Approach to Percutaneous Closure in Patients with Multiple Atrial Septal Defects

Tywaun Tillman, MD, Reynaldo Mulingtapang, MD, J. Thompson Sullebarger, MD
Tywaun Tillman, MD, Reynaldo Mulingtapang, MD, J. Thompson Sullebarger, MD


J INVASIVE CARDIOL 2008;20:E167-E170

Percutaneous closure of secundum atrial septal defect (ASD) and patent foramen ovale (PFO) has become a safe and effective alternative to surgery in appropriately selected patients. Closure of these defects is performed under fluoroscopic and echocardiographic (transesophageal or intracardiac) guidance. While numerous devices and techniques are currently in development, the most commonly used devices in the United States include the Amplatzer Septal Occluder and PFO Occluder (AGA Medical, Minneapolis, Minnesota), and the CardioSEAL® and STARflex® occluders (NMT Medical, Inc., Boston, Massachusetts). In most patients, a single defect of the interatrial septum may be closed with a single device. Less often, patients may present with multiple defects or complex, fenestrated defects. In some cases, a single device may be placed through one defect, and may overlap and close a second defect if it is close by. However, some patients require multiple closure devices, which may involve special challenges. The use of multiple closure devices in a single patient remains uncommon; fewer than 2% of reported septal occluder cases required multiple devices.1 We report the technical details of 5 cases requiring 2 closure devices with clinical and echocardiographic follow up ranging from 3 months to 4 years, demonstrating high success and low complication rates.

Case 1. An 18-year-old male presented with multiple syncopal episodes since childhood, now increasing in frequency. An echocardiogram revealed the presence of a small ASD, with enlargement of the right atrium and ventricle. He was referred for percutaneous closure. Transesophageal echocardiography (TEE) showed 2 separate atrial septal defects, and right heart catheterization revealed a 3:1 left-to-right shunt. Balloon stretch-sizing of the larger posterior/ superior defect with a 24 mm AGA balloon (AGA Medical) showed a stretch diameter of 14 mm. A 14 mm Amplatzer Septal Occluder was deployed under fluoroscopic and TEE guidance. Subsequently, the stretch diameter of a smaller, more anterior defect was 9 mm. However, deployment of a 10 mm Amplatzer occluder was unsuccessful due to the close proximity to the first device and prolapse of the device through the defect. A 16 mm Amplatzer septal occluder was then successfully deployed with the larger size, allowing for more stability. The patient was placed on 3 months of dual antiplatelet therapy with aspirin and clopidogrel. Transthoracic echocardiography at 1 month confirmed both devices in stable position, without left-to-right shunting. He has not had any complications or recurrence of syncope over a period of 3 months since his procedure. Prolonged follow up will be needed to determine if his syncopal episodes have resolved.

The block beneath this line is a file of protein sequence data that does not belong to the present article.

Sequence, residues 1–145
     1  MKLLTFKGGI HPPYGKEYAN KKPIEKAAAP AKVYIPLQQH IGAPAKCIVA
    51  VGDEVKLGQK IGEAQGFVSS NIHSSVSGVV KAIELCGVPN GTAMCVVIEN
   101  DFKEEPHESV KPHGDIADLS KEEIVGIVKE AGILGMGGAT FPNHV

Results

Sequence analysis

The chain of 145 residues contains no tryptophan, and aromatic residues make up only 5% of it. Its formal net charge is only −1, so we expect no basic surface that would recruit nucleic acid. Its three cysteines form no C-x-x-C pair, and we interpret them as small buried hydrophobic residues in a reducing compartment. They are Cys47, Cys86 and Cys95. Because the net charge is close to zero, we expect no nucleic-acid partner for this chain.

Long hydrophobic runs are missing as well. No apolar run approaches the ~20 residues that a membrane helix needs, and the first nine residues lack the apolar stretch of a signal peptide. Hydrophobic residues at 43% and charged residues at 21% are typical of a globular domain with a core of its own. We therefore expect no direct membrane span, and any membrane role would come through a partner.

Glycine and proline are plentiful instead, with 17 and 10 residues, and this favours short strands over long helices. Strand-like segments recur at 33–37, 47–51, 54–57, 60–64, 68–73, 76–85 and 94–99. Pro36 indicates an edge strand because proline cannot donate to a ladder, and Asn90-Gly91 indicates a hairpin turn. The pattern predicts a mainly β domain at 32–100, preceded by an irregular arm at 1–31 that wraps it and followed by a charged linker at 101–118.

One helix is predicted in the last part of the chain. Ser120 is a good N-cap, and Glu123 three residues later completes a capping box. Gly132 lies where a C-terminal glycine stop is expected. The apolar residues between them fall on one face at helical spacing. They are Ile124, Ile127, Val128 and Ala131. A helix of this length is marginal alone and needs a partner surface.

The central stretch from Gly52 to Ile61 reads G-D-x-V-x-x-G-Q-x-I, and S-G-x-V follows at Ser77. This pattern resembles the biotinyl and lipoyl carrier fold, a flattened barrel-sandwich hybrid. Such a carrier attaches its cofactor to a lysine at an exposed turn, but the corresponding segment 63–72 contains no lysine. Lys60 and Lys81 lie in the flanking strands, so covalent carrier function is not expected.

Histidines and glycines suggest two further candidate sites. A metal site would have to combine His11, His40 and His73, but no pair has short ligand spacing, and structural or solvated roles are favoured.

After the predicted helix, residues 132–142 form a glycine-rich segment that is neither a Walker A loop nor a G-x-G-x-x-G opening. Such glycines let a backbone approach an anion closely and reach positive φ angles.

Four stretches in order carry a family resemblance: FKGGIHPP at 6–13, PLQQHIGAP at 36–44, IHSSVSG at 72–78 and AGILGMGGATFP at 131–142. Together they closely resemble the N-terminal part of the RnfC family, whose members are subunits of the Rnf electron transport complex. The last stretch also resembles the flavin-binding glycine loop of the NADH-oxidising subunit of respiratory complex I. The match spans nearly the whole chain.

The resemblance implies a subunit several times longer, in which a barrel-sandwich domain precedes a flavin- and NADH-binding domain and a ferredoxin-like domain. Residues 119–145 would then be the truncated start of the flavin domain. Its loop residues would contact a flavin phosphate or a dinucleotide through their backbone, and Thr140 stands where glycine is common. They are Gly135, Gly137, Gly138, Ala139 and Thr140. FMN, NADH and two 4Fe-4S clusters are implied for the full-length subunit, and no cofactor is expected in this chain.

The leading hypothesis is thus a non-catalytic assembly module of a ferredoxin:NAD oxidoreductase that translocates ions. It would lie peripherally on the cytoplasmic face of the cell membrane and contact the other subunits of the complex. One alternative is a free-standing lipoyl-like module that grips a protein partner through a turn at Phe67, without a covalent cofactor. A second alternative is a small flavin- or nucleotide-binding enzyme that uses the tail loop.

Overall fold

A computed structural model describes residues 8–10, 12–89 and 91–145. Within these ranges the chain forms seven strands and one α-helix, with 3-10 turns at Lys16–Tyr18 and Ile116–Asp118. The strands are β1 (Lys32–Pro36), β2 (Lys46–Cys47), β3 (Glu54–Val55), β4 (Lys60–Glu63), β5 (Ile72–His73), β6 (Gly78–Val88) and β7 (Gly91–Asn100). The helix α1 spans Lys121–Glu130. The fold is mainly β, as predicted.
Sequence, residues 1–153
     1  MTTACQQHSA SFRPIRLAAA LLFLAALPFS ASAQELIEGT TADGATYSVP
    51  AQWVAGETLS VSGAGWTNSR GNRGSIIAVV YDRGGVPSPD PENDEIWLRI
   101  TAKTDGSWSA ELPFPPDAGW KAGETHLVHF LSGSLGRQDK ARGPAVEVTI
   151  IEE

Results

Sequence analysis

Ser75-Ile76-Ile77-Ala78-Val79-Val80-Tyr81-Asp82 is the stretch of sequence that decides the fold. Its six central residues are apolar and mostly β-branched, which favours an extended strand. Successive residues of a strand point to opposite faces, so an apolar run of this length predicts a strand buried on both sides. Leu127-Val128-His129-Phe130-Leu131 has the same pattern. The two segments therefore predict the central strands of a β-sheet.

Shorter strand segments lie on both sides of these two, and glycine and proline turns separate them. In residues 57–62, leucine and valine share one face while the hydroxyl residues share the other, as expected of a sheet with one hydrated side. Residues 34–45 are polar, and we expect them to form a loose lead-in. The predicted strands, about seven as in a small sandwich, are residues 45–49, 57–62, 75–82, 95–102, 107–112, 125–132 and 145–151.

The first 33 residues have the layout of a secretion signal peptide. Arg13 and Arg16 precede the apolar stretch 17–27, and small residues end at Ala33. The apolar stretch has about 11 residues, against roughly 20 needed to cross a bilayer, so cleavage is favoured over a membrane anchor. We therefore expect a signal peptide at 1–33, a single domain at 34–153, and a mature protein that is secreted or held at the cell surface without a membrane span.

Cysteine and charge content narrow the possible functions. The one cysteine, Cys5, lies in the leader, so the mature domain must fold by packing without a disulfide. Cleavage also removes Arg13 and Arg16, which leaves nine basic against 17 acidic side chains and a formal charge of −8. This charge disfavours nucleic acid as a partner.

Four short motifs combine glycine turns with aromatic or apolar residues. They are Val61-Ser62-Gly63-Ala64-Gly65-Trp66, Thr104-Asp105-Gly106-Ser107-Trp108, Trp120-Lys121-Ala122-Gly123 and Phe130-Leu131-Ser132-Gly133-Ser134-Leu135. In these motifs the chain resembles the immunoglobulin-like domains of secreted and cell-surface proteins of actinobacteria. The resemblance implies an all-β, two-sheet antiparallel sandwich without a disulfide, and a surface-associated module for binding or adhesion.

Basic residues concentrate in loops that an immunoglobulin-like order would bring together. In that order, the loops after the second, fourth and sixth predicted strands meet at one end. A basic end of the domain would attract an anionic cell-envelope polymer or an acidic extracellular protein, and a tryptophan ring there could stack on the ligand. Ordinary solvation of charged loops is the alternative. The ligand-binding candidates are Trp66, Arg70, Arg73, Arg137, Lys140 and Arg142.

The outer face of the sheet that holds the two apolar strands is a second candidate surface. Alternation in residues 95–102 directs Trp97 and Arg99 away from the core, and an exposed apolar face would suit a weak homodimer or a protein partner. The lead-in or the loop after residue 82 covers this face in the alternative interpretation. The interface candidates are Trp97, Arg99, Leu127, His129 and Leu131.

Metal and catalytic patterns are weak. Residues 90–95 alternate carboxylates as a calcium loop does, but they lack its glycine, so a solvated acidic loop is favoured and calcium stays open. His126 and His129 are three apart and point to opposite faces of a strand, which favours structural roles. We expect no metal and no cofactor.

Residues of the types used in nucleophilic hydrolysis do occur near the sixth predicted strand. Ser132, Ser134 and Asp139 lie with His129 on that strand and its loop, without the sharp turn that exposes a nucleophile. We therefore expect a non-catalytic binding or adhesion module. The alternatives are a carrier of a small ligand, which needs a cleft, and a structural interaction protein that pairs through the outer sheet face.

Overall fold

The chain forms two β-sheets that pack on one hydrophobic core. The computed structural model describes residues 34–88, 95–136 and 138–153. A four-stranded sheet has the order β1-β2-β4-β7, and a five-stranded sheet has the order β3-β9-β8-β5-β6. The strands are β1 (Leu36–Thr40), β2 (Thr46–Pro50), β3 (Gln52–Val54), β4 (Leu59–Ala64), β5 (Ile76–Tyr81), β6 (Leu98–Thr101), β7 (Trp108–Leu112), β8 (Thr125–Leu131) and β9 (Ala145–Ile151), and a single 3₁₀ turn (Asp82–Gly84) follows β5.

Case 2. A 50-year-old female was previously found to have a cardiac murmur at age 39. TEE confirmed the presence of a single, small secundum ASD. Since the patient was asymptomatic, she was monitored without further treatment for several years. However, a routine follow-up echocardiogram showed right heart enlargement and reduced left ventricular ejection fraction of 35%. A repeat TEE several weeks later confirmed enlargement of the right heart, but the ejection fraction was noted to be 60%. There was an aneurysmal atrial septum and an ASD with significant left-to-right shunting. She denied symptoms of dyspnea, angina, stroke or transient ischemic attack, and had no history of coronary artery disease. Due to the presence of a shunt and right heart enlargement, she was referred for percutaneous closure. The stretch-sizing was 10 mm. After closing the defect with a 10 mm Amplatzer occluder, a second adjacent defect was observed by TEE, with continued left-to-right shunting. Stretch-sizing of the second defect was also 10 mm. A 12 mm Amplatzer septal occluder was deployed in this defect and oversized to slightly overlap the edge of the first occluder. Proper position of both occluders was confirmed by TEE and fluoroscopy, with no residual leftto- right shunting. Follow-up echocardiography at 7 months showed stable Amplatzer occluders, no interatrial shunting and an ejection fraction of 60%. She has done well 13 months post procedure without any further symptoms or change in right-heart dimensions.